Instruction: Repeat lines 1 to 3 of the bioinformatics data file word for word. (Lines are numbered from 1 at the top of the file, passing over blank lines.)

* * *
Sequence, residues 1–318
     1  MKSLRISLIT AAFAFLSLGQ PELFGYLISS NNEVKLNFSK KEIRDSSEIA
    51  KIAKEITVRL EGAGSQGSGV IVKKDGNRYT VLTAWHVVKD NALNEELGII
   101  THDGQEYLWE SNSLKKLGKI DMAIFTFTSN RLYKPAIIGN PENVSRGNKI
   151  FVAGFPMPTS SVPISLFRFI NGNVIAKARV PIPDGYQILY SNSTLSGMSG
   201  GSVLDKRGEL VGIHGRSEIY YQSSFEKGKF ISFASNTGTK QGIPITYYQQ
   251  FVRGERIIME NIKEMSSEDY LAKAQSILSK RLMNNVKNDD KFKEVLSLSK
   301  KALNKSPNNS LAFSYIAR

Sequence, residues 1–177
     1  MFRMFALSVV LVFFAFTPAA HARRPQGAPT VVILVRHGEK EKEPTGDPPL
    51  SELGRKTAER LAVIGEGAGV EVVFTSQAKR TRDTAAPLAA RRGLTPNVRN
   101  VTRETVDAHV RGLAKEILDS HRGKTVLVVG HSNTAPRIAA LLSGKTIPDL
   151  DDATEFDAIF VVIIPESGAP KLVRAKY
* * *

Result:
Sequence, residues 1–318
     1  MKSLRISLIT AAFAFLSLGQ PELFGYLISS NNEVKLNFSK KEIRDSSEIA
    51  KIAKEITVRL EGAGSQGSGV IVKKDGNRYT VLTAWHVVKD NALNEELGII